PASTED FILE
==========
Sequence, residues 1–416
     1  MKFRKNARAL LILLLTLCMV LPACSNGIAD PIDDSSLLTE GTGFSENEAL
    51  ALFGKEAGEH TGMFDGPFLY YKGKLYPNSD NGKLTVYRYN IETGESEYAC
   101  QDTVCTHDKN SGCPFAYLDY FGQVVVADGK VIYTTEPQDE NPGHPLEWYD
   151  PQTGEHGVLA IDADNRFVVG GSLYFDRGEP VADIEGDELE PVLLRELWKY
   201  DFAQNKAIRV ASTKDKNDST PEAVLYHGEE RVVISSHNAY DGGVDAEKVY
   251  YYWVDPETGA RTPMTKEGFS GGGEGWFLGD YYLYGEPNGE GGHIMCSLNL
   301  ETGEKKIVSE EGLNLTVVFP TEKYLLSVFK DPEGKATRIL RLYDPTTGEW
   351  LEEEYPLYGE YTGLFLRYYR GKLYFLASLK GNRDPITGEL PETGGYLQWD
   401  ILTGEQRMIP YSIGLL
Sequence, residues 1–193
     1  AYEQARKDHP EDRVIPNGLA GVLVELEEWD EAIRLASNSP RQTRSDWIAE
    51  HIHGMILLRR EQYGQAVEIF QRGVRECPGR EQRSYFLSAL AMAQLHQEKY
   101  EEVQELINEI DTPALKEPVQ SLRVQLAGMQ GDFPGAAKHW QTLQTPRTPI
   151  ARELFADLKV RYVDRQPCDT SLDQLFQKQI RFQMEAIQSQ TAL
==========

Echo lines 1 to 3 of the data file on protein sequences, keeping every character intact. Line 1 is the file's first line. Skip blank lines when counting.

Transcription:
Sequence, residues 1–416
     1  MKFRKNARAL LILLLTLCMV LPACSNGIAD PIDDSSLLTE GTGFSENEAL
    51  ALFGKEAGEH TGMFDGPFLY YKGKLYPNSD NGKLTVYRYN IETGESEYAC